He catheterized five patients initially, but Berg chose not to operate on any of them. What Everhart did learn was that heart catheterizations could be done on patients who were having heart attacks without causing any serious issues.
It was then a question of having an appropriate patient.
The initial patient who had surgery for an acute heart attack was a 44-year-old man who had been admitted to the hospital with chest pain and failed to respond to conservative treatment after several days. He was scheduled for an elective heart catheterization in the morning. At 5 a.m., the patient had a heart attack. This information wasn’t brought to the attention of the cardiologist, who proceeded with the “elective” heart catheterization.
A critical blockage, referred to as a “widow maker” was found. Berg was already operating, so Kendall was called, and he agreed to proceed with the surgery recognizing that he was performing a bypass procedure on a patient who was having a heart attack. Following surgery, the patient did exceptionally well and was released from the hospital soon after the operation. He did much better than most people who had had heart attacks and were treated in the traditional manner.
Following this initial success, many more operations were performed at Sacred Heart Hospital with results far better than those achieved in patients treated with the traditional standard of care.
Everhart and the other cardiologists and surgeons began presenting their results to the rest of the world. They initially were accused of misrepresenting their data. Some of the premier cardiologists in the world didn’t believe the data. They also didn’t believe that this could happen in a relatively small community and in a nonacademic facility.
In the late 1970s Spokane cardiologist Dr. Marcus DeWood began publishing results in prestigious journals and presented the data in important medical meetings to put the information out to much larger national and international audiences.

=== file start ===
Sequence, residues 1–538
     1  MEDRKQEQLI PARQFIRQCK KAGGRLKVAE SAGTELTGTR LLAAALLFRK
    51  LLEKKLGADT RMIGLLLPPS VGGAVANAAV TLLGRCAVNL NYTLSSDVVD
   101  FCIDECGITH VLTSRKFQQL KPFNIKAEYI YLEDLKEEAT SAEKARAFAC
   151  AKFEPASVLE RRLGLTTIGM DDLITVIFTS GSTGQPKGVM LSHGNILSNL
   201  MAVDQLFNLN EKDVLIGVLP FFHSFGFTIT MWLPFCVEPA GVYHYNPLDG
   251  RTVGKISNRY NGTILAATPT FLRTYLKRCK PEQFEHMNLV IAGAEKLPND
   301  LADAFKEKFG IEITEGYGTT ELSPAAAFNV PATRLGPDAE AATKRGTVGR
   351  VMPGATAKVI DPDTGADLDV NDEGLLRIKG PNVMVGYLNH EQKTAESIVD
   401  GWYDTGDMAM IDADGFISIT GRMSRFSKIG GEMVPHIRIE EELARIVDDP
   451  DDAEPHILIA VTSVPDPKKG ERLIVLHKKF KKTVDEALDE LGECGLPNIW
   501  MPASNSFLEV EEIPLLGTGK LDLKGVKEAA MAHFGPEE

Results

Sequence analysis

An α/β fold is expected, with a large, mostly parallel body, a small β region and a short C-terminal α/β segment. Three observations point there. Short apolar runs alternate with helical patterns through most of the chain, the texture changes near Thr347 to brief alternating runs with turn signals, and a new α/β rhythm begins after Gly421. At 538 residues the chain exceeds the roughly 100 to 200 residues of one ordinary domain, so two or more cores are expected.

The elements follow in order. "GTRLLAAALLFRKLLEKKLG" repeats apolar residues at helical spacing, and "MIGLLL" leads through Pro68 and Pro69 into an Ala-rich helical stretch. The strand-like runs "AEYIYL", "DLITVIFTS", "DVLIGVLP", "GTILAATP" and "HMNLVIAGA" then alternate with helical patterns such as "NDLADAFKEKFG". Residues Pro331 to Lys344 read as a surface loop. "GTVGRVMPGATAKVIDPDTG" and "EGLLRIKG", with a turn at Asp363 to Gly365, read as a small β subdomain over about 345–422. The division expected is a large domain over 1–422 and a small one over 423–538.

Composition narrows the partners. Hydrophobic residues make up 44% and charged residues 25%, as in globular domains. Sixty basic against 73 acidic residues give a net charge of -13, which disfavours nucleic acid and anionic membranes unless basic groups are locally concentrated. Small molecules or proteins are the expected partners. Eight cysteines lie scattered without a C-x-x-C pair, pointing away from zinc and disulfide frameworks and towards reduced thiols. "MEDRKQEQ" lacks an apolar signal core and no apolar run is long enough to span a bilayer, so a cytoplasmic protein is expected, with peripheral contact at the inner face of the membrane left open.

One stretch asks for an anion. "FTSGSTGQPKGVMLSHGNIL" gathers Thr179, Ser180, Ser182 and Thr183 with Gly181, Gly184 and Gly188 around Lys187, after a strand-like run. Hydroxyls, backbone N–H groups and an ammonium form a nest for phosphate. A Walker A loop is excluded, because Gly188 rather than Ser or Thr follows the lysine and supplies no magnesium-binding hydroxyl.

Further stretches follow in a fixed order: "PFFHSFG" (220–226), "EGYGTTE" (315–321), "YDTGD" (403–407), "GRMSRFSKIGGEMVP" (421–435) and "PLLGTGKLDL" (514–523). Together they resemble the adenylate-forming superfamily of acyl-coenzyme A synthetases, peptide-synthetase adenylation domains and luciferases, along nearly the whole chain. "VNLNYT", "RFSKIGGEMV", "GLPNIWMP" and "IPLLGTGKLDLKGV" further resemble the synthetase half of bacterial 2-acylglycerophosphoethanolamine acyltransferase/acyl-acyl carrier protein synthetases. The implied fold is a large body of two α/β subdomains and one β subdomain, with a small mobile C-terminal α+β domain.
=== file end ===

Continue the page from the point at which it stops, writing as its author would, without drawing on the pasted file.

Soon, a growing number of cardiologists and heart surgeons began following Spokane’s lead and emergency bypass surgery for heart attacks eventually became the standard of care.
This, then, led to the development of chemicals to dissolve clots so that surgery wasn’t always necessary. The use of angioplasty and stents also eliminated the need for some surgeries.
My personal interest in this is entirely professional. I’ve never met Everhart. Our interaction has been exclusively by telephone and email. I met Berg several times over the years, but it was always professional. Berg died several years ago. Everhart is retired and lives in Florida.
I came to Spokane and started seeing patients in September 1971. My experience at that time with people having heart attacks was discouraging. That changed with patients having emergency bypass surgery. Almost overnight, my patients started doing extremely well and that pattern has continued to the present time.
There’s no way of knowing how many patients these procedures have saved. I am sure it’s in the millions.
This, in my opinion, is due to pioneering work of Everhart and Berg 50 years ago in Spokane. I feel that the work done by Everhart and the other physicians is worthy of consideration for a Nobel prize in medicine.
Dr. Robert Hustrulid is an internal medicine specialist in Spokane Valley with over 50 years of experience in the medical field.